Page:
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Kindred Spirits

Topcon and Habitat for Humanity team up for a fun, beneficial, playhouse build.

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Some things just work well together. Consider cheese and a nice chardonnay; a tenor saxophone and jazz; peanut butter and . . . well, anything. That same sense of the complementary can also exist between two organizations. Think of companies who share manufacturing expertise in different areas, or universities and corporations building off each other’s strengths toward mutually beneficial goals. With that mindset at the forefront, it is easy to see why a recent pairing between Habitat for Humanity, the epitome of selfless work, and Topcon Positioning Systems, which has a well-documented history of philanthropy and commitment to sustainability, made sense — and proved so successful. The pairing, which took place upon completion of a week of technical training on Topcon’s geopositioning and construction solutions, saw more than 160 experts in construction equipment sales, service and distribution, wielding hammers, drills, and paint brushes to create 16 kid-centric playhouses. The end result was a spirit of camaraderie, 16 very happy recipients of the playfully decorated structures, and proof that a symbiotic relationship between organizations can be a real thing.

A Good Habitat to Have

Few organizations today enjoy as solid — and well-deserved — a reputation as Habitat for Humanity. The Americus, Georgia-based nonprofit provider of affordable housing for economically disadvantaged individuals and families, which began as a passion for Millard and Linda Fuller in the late 1960s, steadily grew to include housing initiatives in all 50 states and more than 70 countries worldwide. Depending upon an area’s housing needs and demands, each state can have any number of individual affiliate offices. California, with some of the highest housing prices in the country, has 41 of them, all working to ensure those needs are addressed.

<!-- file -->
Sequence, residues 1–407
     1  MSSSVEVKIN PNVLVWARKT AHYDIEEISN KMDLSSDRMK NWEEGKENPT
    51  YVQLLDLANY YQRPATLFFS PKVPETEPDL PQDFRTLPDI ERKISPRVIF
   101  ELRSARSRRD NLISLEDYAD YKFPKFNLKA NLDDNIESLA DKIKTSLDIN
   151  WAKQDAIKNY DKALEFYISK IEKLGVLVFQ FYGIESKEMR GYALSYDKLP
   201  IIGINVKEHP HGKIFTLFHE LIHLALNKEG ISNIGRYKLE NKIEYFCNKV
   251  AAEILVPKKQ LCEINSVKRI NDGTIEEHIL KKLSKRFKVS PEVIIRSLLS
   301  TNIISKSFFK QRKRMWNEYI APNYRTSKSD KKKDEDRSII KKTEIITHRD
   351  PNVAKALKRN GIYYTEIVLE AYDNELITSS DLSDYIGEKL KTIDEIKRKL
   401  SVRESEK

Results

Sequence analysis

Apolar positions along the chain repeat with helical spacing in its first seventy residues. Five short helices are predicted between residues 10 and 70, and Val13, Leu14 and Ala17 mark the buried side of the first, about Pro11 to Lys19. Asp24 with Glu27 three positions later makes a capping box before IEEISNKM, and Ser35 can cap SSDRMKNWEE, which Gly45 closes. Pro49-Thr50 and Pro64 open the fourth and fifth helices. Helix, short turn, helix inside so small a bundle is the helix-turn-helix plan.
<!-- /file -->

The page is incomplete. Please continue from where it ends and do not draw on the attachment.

The affiliate mentioned above, Habitat for Humanity East Bay/Silicon Valley, not only has the distinction of being one of the busiest, it is also one of the most creative, as the playhouse build concept has shown.

“The Playhouse program was started here by one of our former employees who is now a regular volunteer,” said Samantha “Sam” Hawley, the East Bay corporate development associate. “It is now active in most U.S. Habitat affiliates and has proven a highly successful fundraising program. Here at East Bay, the program has grown from building 20 playhouses in 2009, to a major operation that, in a single year, donated over 500 playhouses to families. In that same year, it helped our organization raise over a million dollars – critical funding that expands access to affordable homeownership.”

“The Playhouse program was started here by one of our former employees who is now a regular volunteer.”

Samantha Hawley

The Match Game

When Topcon was considering a way to add a non-work-related element to its three-day Topcon Technical Xperience event, a number of ideas were entertained. For Ron Oberlander, who had worked in the past with Habitat on a personal basis, however, the organization seemed a perfect fit for what he was hoping to achieve — and yield a nice after-effect as well.

“After a couple days of learning about the latest advances in geopositioning solutions, we wanted the Xperience attendees to be able to unwind,” said Oberlander, Topcon vice president of Global Professional Services. “But we also thought that, if they could leave here knowing they’d made a positive contribution to something, it’d be icing on the cake. The playhouse build for Habitat seemed the answer to both.” 

Oberlander’s instincts proved correct; the sights and sounds of the playhouses taking shape were impressive, indeed. Imagine 16 teams of ten workers — each team trying to outdo the other in productivity and creativity — pounding, nailing, stapling, drawing, painting and, finally, assembling playhouses. The sense of competitive camaraderie, all working toward a common good, proved to be exactly what Oberlander had hoped for. 

A Nice Fit

One doesn’t have to dig too deeply to see the reason Topcon and Habitat “play well” together. Where Habitat promotes personal betterment through home ownership, Topcon sees a similar goal achieved through professional improvement. Where Habitat augments its efforts with a push toward sustainable construction techniques and materials, Topcon brings its customer base solutions focused on improvements in efficiency and productivity — essentially making each customer’s effort more sustainable in nature.